Sunday, 3 June 2012

Did the Human Brain evolve to solve complex problems

The New Scientist of 26th May included an article entitles The Argumentative Ape contains some interesting ideas about persuasion but but I am unsure about the foundations of the article and as a result I have posted the following comment after the article on the New Scientist site:

While a number of good points are raised in this article about group interaction I feel it is based on a flawed assumption when it says about the brain:
Why did we evolve such an apparently flawed instrument? Our irrational nature is very difficult to explain if you maintain that human intelligence evolved to solve complex problems, where clear, logical thought should offer the advantage. As such, it has remained something of a puzzle.
But did human intelligence evolved to solve complex problems, or do we simply have an animal brain which has been enlarged in various ways to be able to process large volumes of information, using the same simple logic circuits? This would provide a simple explanation of the so-called "flaws"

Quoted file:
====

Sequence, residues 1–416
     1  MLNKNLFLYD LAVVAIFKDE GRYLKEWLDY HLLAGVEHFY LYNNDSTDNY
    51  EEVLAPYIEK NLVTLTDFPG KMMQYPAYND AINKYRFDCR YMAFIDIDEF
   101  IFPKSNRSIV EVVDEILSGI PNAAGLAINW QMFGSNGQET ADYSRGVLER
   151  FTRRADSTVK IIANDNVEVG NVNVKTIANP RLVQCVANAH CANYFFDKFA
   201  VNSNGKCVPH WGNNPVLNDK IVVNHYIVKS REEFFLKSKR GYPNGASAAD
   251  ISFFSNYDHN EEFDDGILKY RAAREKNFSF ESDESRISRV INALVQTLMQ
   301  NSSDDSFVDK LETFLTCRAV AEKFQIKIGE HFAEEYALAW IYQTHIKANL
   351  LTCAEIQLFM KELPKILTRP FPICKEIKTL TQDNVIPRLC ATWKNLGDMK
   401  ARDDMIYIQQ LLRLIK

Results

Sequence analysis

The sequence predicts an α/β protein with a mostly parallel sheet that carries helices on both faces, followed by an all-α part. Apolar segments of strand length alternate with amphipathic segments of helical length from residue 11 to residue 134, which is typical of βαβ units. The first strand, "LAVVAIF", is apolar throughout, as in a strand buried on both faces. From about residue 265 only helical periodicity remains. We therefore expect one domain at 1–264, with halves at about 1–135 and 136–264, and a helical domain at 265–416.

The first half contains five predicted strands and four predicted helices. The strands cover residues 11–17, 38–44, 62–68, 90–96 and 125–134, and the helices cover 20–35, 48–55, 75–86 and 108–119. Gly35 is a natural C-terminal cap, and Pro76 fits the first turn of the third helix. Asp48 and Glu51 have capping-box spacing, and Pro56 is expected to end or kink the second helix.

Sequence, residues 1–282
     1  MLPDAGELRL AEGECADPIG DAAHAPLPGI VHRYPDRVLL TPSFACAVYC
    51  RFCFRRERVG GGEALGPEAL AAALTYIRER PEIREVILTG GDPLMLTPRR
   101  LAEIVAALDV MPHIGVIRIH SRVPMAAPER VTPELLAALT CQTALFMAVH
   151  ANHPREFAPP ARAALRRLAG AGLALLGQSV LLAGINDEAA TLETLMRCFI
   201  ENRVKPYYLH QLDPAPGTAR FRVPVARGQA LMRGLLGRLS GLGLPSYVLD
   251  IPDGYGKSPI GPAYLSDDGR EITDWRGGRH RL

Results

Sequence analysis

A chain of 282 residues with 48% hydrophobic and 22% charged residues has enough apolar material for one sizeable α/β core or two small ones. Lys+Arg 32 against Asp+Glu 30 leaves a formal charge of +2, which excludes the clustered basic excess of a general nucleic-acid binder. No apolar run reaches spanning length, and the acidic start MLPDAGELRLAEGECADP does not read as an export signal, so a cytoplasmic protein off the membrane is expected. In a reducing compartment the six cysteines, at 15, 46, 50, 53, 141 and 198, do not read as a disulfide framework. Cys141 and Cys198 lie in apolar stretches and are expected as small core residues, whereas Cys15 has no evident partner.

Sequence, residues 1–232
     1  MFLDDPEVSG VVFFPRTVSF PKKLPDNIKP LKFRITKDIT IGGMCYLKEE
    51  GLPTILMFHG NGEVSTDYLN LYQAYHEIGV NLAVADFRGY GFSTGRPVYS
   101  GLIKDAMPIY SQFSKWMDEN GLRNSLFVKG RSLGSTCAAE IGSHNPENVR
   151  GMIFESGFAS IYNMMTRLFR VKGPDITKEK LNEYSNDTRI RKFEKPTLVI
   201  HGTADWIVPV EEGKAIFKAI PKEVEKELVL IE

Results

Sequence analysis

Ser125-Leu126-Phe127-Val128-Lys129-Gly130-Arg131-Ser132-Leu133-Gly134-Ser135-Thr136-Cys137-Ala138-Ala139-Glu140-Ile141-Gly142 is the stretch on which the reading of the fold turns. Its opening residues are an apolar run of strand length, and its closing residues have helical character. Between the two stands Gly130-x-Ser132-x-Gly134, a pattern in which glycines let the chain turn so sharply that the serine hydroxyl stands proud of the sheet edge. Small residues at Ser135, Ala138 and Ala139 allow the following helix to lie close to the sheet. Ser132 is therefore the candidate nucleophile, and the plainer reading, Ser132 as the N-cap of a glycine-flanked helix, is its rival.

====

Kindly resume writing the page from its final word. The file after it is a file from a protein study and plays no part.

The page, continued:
A new-born animal arrives knowing nothing about the world and has to build what is an inevitably an incomplete and fuzzy model of the world in which it lives. The difference with humans is that once a rudimentary language has reached a certain level the most evolutionary effective way for a child to learn is to accept what its parents tell as correct without question, which explains the way children suddenly start learning like a sponge once they have conquered the elements of language.

Social groups which pass on the most effective life skills to children in this way are more likely to be successful, even if they also pass on some suppositions about the world which are actually unsound, but not actually dangerous. It is only a small step further to assume that individuals who appear to be particularly authoritative are more likely to be considered purveyors of “reliable” information. Of course as a child gets older its rate of learning drops and it starts to be more questioning of authority, to an extent which can vary from rebellious to subservient.

Taking this view, our brain has evolved to handle fuzzy and incomplete information and the question is not why the brain is flawed – but rather how a simple brain learns to handle more formal matters. But we teach subject such as formal logic and mathematics in school because they are not natural skills, and this approach suggests that there is nothing to indicative that our brains work in a significantly different way to animals once you allow for the differences in brain size  and the ability to be taught using language.

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